- This event has passed.
Tatlinn: Ewa Axelrad, Marta Górnicka, Katarzyna Przezwańska
February 12, 2018 - April 29, 2018
Cristina Lucas, Vexillology, Italians (detail), 2017. 211 photographs, each 18×24 cm. Courtesy the artist and Galeria Juana de Aizpuru, Madrid
‘ESTONIA 100. THE STATE IS NOT A WORK OF ART’
Artists: Ewa Axelrad, Marta Górnicka, Katarzyna Przezwańska, Loulou Cherinet, Lise Harlev, Femke Herregraven, Flo Kasearu, Thomas Kilpper, Szabolcs KissPál, Stéphanie Lagarde, Ella Littwitz, Thomas Locher, Cristina Lucas, Damir Muratov, Tanja Muravskaja, Marina Naprushkina, Kristina Norman, Daniela Ortiz, Jaanus Samma, Ivar Sakk, Larissa Sansour, Jonas Staal, Kristina Solomoukha & Paolo Codeluppi.
The State is not a Work of Art, an international group exhibition curated by Katerina Gregos, opens on the 16th of February 2018 as part of the celebrations for the 100th anniversary of Estonian independence.
The State is not a Work of Art aims to probe the complexities and problematics of the idea of a nation and national identity, examine the current volatile situation in light of the resurgence of nationalism and populism in Europe, and offer a more nuanced view of the issue, beyond the usual polarised rhetoric. Bringing together a diverse group of over twenty international artists, and several new commissions, it charts the changing political landscape on the continent and its borders, as well as the problem of divisive identity politics.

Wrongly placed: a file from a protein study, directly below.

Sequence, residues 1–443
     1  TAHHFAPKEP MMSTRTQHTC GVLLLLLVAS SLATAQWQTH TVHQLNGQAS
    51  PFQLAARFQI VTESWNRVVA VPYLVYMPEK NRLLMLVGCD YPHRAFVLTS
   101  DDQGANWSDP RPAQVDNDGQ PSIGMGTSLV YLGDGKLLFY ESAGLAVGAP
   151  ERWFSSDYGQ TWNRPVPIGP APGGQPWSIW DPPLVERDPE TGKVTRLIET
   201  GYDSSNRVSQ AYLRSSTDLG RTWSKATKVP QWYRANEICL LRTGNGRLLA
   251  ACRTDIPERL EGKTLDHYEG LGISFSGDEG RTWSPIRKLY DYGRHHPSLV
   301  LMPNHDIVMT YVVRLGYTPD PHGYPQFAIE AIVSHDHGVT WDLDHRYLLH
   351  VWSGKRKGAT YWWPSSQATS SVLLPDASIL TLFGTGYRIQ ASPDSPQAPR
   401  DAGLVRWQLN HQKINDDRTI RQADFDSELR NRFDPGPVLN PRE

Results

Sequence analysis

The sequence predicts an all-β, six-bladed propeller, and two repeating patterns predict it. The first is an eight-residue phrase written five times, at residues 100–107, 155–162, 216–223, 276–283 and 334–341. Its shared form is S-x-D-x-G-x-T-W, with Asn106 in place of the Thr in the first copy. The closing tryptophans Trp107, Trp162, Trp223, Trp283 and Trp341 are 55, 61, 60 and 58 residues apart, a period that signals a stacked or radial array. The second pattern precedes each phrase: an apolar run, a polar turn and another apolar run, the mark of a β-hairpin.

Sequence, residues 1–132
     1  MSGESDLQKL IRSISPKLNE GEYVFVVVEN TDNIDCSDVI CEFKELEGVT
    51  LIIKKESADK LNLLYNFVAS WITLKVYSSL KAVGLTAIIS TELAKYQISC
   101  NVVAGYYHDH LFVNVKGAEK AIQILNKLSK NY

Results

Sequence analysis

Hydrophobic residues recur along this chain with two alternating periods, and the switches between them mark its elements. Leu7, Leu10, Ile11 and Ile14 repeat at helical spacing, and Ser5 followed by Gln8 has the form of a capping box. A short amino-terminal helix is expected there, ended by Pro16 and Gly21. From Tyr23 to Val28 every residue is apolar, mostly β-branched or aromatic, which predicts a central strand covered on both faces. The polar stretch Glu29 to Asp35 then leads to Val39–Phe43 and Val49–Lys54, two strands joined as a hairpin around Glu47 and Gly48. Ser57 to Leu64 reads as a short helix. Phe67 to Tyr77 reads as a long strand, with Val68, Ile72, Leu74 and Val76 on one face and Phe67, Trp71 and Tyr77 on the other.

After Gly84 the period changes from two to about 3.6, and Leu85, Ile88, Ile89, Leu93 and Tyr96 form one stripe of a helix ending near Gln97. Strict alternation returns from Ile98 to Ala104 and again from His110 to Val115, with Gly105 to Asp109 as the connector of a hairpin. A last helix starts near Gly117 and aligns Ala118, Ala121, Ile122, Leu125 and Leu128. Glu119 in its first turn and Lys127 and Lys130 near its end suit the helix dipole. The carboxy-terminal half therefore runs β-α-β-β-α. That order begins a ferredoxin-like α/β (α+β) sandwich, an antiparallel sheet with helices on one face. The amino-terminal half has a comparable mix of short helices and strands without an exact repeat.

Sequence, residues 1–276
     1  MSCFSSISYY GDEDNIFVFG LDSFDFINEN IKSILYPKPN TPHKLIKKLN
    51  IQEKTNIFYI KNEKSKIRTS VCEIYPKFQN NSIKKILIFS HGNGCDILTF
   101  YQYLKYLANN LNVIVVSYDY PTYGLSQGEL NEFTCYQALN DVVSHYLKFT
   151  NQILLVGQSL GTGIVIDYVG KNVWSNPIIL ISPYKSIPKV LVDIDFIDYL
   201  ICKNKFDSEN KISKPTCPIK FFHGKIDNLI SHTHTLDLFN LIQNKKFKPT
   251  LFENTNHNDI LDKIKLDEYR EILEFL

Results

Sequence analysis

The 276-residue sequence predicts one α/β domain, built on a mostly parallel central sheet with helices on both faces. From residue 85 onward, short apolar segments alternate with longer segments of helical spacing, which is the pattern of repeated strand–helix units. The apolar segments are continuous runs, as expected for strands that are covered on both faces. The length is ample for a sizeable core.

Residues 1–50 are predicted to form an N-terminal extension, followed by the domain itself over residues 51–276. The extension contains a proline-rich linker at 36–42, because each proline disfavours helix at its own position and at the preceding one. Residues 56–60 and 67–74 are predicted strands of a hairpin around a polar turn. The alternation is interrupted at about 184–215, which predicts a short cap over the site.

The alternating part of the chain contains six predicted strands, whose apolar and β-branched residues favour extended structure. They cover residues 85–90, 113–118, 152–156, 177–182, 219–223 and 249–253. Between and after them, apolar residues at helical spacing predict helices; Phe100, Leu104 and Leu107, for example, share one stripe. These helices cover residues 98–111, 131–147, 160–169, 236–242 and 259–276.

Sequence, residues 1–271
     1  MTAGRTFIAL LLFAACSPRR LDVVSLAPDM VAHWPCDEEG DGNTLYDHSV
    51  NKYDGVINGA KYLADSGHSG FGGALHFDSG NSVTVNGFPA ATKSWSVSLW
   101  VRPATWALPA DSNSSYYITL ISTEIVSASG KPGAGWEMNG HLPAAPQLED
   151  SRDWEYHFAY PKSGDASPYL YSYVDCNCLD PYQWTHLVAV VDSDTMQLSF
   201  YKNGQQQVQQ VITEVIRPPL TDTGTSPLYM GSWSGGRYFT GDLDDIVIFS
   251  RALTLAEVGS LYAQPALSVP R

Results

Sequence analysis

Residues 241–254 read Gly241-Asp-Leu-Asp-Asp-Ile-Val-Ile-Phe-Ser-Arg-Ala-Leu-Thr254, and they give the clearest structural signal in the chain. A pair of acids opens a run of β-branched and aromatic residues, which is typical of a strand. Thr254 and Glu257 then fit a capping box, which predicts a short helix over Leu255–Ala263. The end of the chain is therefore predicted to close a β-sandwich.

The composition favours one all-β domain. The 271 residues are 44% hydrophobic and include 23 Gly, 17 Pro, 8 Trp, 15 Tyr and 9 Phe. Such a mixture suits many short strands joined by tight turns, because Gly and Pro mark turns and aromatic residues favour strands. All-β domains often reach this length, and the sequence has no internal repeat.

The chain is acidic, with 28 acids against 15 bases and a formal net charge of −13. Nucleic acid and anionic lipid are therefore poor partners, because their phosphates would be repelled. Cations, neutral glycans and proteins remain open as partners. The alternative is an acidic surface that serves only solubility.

Through a presentation of drawing, sculpture, photography, text-based work, film and installation, The State is not a Work of Art explores notions of identity, belonging, collective memory, and the uneasy tension between nationalist sentiment and supra-national institutions such as the European Union.
‘The State is not a Work of Art deals with the recent phenomena of the rise of nationalism throughout Europe. In the aftermath of the collapse of communism many historians and theorists pronounced the end of history and the nation state as dead. In retrospect it appears that this is not true; however, the circumstances are completely different and call for a new vision regarding the nation state, one which responds to the current political, cultural and economic realities.’
Katerina Gregos, Curator
Taking place across four venues in the capital’s central square – Tallinn Art Hall, its additional spaces, Art Hall Gallery and Tallinn City Gallery, and the nearby Vabaduse Gallery – the exhibition guides us through an unexpected angle on the problematics surrounding issues such as migration, the economic crisis, memory practices and the friction between public and private space.